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Puttering About in a Small Land by Philip K. Dick
Review by Carolyn Frank
Tor Books Hardcover  ISBN/ITEM#: 9780765316943
Date: 08 December 2009 List Price $26.99 Amazon US / Amazon UK / Show Official Info /

If you think every book by Philip K. Dick would include brain-blowing drugs, mind-altering paranoia, alien worlds or even an alien view of our world, you would be wrong. Two couples initially joined only by placing their boys in the same private school in the early 1950s southern California spend their lives Puttering About in a Small Land. This mainstream literary novel, first published after PKD's death, employs no fantasy, no miraculousness, not even any heroic activity.

The story is told from the perspective of three adults: Roger and Virginia Lindahl, and Liz Bonner. Having moved out to Los Angeles during World War II to work in the war factories, Roger now owns a shop that repairs radios and early black-and-white televisions. Capitalized by his mother-in-law, Roger's shop keeps him busy but also provides him with a place to putter around with the electronics. Virginia teaches modern dance but has spent much of her time with their asthmatic young son, Gregg. When Virginia takes Gregg on the 3-hour drive up into the hills with its clear fresh air to the private school to look the place over, she meets Liz Bonner, who has just dropped off her two sons.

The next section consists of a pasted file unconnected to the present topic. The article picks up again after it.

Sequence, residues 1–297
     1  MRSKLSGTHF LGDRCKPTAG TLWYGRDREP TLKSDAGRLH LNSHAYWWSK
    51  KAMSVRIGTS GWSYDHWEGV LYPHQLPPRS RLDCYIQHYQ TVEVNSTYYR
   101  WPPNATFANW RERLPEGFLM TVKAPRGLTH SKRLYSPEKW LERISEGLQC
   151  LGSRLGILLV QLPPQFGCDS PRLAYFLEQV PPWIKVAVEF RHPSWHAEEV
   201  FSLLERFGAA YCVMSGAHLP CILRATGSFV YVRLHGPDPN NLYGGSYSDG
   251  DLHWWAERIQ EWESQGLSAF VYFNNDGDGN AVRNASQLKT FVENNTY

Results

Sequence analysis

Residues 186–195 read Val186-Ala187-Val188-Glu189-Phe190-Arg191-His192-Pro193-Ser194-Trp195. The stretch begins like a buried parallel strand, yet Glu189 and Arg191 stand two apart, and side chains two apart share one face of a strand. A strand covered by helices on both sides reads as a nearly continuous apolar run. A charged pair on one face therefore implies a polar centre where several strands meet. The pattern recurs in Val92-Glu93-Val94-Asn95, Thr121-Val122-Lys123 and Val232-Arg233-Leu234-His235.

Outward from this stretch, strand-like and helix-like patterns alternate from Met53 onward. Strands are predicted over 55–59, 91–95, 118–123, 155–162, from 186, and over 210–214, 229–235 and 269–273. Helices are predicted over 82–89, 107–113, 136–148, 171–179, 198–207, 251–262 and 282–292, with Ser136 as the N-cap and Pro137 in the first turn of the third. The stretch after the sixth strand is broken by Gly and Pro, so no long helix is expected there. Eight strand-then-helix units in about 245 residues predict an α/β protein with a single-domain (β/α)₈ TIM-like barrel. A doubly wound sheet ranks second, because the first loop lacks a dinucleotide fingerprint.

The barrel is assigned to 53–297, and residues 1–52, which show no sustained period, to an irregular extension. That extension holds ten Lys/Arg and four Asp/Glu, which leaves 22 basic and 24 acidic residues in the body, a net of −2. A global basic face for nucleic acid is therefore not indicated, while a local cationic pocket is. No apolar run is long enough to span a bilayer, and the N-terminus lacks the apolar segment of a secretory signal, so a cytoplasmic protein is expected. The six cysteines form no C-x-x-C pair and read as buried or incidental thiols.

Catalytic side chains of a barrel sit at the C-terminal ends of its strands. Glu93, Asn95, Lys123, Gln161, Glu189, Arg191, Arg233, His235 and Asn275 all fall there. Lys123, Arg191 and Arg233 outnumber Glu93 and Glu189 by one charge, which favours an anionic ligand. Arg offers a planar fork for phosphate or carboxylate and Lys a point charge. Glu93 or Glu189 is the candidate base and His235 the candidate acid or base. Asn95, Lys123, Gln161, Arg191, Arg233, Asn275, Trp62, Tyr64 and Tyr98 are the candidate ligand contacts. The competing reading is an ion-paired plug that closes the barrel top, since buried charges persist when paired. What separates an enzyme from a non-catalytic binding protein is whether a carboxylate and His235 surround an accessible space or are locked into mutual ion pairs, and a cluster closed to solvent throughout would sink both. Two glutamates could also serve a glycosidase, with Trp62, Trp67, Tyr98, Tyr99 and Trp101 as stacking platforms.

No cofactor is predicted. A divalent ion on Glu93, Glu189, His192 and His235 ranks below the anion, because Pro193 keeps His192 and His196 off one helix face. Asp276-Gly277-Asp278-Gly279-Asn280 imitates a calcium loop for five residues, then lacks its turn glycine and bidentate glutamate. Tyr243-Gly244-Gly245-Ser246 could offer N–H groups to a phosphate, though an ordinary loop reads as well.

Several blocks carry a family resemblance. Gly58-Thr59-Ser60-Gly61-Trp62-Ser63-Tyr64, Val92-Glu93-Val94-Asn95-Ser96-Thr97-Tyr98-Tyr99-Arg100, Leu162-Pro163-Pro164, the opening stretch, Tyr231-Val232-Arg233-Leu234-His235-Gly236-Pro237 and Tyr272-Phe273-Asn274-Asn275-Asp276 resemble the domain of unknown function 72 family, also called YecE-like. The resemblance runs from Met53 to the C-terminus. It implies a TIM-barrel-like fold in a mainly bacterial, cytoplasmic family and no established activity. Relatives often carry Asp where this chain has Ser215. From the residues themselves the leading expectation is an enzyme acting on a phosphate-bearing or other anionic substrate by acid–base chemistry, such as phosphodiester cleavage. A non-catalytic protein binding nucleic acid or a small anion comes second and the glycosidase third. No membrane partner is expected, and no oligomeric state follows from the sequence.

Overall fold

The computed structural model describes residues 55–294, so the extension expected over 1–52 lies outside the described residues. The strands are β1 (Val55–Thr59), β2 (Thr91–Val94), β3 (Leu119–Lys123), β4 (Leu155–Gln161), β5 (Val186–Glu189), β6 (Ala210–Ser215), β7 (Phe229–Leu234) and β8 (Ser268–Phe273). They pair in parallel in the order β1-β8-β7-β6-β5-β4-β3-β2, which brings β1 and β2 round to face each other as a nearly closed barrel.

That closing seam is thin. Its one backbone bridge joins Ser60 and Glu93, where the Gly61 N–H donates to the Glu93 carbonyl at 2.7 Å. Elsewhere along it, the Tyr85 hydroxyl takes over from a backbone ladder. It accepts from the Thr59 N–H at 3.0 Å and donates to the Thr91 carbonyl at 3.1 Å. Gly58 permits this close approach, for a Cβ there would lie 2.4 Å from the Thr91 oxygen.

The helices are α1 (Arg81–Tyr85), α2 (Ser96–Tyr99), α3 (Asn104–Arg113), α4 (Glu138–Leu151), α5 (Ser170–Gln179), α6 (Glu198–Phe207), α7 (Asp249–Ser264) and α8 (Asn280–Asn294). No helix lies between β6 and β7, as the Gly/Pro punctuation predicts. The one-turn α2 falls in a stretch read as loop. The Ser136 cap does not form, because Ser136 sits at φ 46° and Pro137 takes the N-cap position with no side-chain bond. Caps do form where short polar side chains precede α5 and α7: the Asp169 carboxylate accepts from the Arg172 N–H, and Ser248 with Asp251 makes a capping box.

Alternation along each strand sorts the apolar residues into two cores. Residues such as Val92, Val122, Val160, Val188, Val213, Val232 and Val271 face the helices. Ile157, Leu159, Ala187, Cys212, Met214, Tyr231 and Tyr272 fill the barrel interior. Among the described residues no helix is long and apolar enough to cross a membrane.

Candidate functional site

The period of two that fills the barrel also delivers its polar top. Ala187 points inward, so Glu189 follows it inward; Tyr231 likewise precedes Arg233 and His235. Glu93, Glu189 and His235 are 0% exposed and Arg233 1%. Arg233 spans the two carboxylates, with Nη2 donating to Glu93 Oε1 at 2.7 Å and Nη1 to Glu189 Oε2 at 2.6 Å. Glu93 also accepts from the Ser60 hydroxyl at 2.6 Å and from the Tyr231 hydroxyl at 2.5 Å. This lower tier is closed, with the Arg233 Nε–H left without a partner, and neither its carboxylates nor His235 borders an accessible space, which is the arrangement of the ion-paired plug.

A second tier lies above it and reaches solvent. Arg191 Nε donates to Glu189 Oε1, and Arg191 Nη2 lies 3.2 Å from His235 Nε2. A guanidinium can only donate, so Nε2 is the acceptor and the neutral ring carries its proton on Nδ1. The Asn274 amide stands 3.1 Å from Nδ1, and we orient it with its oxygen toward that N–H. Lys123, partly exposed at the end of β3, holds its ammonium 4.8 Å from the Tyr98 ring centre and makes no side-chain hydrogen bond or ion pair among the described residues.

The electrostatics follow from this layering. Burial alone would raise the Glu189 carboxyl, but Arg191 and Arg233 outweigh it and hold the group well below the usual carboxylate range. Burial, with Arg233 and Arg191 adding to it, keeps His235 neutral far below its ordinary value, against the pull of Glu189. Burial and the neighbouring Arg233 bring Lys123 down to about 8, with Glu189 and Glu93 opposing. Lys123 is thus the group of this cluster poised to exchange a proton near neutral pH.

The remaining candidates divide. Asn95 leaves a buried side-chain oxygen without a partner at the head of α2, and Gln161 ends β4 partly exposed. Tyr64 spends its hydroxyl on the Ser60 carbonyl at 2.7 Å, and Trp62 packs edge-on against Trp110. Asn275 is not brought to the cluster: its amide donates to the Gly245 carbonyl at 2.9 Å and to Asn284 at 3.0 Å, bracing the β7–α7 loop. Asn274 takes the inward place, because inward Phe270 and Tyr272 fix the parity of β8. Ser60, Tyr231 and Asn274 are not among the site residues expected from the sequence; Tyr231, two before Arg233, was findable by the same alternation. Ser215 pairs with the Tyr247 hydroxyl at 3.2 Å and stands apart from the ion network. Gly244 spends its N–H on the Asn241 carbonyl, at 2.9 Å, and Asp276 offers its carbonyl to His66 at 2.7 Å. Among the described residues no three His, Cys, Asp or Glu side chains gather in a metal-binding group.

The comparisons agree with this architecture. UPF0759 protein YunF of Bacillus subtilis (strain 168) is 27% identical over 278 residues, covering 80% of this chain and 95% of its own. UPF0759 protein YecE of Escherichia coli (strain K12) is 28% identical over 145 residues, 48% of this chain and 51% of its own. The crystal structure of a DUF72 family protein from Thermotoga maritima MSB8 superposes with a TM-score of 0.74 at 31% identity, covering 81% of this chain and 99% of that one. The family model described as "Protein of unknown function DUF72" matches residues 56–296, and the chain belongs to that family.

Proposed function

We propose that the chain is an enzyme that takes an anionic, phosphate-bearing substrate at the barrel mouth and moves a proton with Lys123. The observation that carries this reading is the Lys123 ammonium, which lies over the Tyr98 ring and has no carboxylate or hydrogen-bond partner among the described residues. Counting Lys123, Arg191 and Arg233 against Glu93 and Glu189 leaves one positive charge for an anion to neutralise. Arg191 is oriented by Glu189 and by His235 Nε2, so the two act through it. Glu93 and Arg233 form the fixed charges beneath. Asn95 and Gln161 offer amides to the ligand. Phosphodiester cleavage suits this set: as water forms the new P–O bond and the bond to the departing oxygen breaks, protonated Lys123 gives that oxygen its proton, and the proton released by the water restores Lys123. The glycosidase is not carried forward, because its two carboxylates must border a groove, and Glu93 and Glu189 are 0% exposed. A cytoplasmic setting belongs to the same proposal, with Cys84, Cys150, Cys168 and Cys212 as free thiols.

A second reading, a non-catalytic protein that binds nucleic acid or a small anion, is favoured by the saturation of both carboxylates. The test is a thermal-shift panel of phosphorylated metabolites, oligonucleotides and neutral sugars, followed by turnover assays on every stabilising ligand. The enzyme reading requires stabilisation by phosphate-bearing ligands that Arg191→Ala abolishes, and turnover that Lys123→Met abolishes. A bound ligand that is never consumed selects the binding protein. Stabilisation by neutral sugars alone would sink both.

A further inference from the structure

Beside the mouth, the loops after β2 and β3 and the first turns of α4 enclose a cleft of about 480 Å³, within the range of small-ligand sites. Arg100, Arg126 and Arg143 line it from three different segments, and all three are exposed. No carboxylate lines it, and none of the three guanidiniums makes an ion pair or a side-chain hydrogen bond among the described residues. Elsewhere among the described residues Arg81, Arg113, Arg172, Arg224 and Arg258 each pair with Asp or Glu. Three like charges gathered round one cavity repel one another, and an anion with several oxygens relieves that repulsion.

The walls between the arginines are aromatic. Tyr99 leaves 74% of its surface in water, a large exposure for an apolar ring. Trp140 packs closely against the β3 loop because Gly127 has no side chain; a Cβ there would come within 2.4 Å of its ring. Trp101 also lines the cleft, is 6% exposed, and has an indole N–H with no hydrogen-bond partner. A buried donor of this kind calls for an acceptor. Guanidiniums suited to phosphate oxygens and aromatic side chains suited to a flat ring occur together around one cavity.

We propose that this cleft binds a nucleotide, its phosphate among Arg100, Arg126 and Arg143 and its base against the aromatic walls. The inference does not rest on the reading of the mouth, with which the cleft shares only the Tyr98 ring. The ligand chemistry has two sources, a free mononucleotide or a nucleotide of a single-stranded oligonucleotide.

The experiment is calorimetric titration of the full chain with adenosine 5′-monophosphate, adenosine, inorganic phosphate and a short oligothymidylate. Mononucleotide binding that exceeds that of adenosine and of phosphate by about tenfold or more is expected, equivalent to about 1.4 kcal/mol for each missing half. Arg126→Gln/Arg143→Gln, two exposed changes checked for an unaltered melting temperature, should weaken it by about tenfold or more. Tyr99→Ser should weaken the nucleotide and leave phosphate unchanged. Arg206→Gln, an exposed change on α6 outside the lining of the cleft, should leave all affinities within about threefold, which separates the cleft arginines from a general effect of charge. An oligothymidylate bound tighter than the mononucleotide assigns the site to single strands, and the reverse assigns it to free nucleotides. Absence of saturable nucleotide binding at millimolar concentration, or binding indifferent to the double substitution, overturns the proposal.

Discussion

Although Roger initially is against the idea of sending Gregg off to school, after driving there himself, he changes his mind. As Virginia loathes the drive and Liz's husband has lost his license, Roger and Liz end up driving the three boys back and forth each weekend. This segues into an affair, about which Virginia eventually finds out. As each of these three mildly unhappy people find and loose their measure of happiness, the world goes on. Since these people are all small-time players in the game of life, none of their actions impact much of their world, and everyone continues to soldier on. PKD's imprint is conveyed through the provided precise details of everyday life and the escalating emotional intensity of the characters.

If post World War II suburban California is an unfamiliar but potentially interesting milieu for you or if you have the need to read every PKD ever published, then you would appreciate this book. For the rest of us PKD fans it serves as a reminder that the man could write mainstream literary novels in addition to the science fiction that we have greatly enjoyed during the second half of the 20th century and on into the 21st.

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